7. You are idealizing too much the “participation” of the Orthodox. In most Orthodox church services that I have been in, participation was minimal to non-existent. At the most optimistic, one could say that this is in accordance to the ancient philosophical principle: quidquid recipitur ad modum recipientis recipitur. The clergy have their “role”, and the laity theirs. By the way, Old Church Slavonic would be more like Chaucer to us than Cranmer. According to a Russian priest I know, the average Russian would understand about 40% of the liturgy.

    You would be surprised to find out that in the Orthodox liturgical “revival” of last century, many of the things that you complain about seem to be present in the Orthodox church as well. People had/have private prayers before communion. Laymen were encouraged to allegorize the liturgy in order to “participate” in it better. (Here I would cite the commentaries on the Divine Liturgy of Gogol and Maximus Confessor that often ignore the texts and logic of the liturgy itself to bring out its “spiritual” and pietistic significance. Schmemann and Meyendorf fumed against these types of “distortion” of the liturgy). And the kicker is that “participation” in the Western sense (showing up at a certain time and having to stay until the service is finished) is very much a construct taken from a legalistic sense of fulfilling our Sunday obligation. In the Orthodox world, as in much of Latin America, a person might come in the middle of liturgy, light a few candles, stay a few minutes, and then walk out. I think the Moscow Patriarchate would consider someone “practicing Orthodox” if he comes to church but once or twice a year, whereas in the Catholic Church such “cultural Catholicism” is frowned upon.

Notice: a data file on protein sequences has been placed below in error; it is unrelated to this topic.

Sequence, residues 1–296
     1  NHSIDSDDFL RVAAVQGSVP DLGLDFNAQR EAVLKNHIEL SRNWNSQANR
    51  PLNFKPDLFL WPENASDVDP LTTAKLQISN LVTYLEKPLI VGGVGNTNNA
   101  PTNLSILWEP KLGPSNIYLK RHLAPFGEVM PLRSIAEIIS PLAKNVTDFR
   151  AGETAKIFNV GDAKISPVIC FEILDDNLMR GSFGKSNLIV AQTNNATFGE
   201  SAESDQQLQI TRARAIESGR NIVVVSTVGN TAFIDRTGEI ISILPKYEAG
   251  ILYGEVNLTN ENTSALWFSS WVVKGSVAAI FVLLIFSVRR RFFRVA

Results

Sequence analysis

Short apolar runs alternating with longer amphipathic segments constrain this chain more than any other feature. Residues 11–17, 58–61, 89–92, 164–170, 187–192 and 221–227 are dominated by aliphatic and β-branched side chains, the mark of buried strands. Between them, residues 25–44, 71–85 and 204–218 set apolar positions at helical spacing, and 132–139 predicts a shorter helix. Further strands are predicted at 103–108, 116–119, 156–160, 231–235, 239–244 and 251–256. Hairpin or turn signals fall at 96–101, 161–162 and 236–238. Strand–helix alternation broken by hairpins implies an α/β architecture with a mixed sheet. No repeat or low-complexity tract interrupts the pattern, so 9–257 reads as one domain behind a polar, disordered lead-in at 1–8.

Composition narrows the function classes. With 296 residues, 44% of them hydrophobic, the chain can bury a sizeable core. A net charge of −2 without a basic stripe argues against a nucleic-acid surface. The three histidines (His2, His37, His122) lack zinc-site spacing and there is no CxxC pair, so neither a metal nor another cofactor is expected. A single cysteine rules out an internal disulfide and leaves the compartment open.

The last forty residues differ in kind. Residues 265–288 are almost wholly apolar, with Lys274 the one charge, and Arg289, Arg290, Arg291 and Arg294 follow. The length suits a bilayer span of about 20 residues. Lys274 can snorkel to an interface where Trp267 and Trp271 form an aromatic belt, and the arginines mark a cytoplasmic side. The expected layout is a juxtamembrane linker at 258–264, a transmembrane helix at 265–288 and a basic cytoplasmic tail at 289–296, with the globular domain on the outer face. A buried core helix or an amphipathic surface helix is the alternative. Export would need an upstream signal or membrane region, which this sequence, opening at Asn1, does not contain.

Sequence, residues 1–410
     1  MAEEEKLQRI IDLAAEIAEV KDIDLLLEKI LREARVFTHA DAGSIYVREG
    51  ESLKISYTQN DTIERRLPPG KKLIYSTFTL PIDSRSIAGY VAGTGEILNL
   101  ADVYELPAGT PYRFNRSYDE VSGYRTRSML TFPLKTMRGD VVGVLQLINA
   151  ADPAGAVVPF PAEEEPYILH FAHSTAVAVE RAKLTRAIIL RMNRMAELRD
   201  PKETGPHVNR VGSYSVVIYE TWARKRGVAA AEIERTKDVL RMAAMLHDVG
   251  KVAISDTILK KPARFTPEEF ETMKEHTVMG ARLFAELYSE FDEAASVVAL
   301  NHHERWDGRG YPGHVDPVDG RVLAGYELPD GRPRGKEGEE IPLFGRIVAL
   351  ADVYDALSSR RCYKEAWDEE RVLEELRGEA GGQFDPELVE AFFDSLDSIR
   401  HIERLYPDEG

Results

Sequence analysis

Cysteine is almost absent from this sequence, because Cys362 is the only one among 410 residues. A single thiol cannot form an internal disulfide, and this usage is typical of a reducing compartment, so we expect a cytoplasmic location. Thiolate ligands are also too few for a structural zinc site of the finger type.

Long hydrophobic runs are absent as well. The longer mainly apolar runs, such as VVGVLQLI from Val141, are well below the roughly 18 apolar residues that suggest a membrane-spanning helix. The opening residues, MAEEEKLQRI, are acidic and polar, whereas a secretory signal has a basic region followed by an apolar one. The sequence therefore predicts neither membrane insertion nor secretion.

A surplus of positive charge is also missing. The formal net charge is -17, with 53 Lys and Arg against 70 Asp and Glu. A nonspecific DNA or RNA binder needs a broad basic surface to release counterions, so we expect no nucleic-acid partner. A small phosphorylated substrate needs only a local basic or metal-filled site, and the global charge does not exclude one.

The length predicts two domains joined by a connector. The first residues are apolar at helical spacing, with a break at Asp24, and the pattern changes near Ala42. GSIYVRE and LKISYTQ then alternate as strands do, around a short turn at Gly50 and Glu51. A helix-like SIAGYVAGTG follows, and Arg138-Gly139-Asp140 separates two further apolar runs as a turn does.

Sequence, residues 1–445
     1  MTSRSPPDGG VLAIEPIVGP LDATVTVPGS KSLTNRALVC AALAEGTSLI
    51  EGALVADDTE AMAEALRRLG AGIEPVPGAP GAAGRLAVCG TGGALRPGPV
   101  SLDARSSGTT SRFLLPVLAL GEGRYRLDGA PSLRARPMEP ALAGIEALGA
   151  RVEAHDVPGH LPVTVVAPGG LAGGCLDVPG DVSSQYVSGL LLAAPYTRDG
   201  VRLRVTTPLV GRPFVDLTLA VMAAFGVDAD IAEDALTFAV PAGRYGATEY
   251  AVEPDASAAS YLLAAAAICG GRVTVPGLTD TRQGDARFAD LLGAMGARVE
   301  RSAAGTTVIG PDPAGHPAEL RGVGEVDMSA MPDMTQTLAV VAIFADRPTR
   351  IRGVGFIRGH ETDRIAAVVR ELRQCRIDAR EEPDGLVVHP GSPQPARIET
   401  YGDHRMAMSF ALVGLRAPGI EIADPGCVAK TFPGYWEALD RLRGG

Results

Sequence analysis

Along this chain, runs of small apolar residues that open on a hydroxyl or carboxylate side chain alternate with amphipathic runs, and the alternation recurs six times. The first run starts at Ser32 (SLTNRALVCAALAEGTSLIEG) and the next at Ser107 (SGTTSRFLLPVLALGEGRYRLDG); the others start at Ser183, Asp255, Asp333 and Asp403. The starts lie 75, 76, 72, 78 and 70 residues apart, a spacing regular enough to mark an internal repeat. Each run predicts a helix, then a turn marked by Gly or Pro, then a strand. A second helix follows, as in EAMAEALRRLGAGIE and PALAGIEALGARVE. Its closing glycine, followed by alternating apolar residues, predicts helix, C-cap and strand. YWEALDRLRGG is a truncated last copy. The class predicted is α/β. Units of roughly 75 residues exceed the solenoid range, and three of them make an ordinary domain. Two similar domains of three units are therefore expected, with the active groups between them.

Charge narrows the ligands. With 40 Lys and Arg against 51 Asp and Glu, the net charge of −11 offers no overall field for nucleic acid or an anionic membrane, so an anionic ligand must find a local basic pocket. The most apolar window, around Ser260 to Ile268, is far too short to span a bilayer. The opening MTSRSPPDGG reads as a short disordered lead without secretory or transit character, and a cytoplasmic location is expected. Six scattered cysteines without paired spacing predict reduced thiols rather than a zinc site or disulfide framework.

Nevertheless, I too see problems with the vernacular in general. Modern languages only emerged with emergent nationalism in the early modern period. Even in the Spanish speaking world until the early 20th century, there really were no popular translations of Scripture as in the case of the English Douay-Rheims. It was presumed that if you were educated enough to read, you could read Latin, and if you were really on the ball, Greek. Even a mildly educated gaucho caudillo on the Argentine pampas could read the Vulgate like we read the morning newspaper. The fact that we no longer have that sense of a hieratic or universal language speaks much to the fracturing of discourse in modernity. The only great living “dead languages” now are Old Slavonic, liturgical Greek, Sanskrit, and Koranic Arabic.

  8. Rubricarius, does anyone recite the original Nicene Creed, with its famous anathema at the end, in a liturgical context? Was it ever so-recited I wonder? Certainly the old Apostle's Creed (not, as some romantically believe, with a verse composed by each of the Twelve Apostles!) was the old Baptismal formula, familiar in Rome by the 2nd century (perhaps earlier).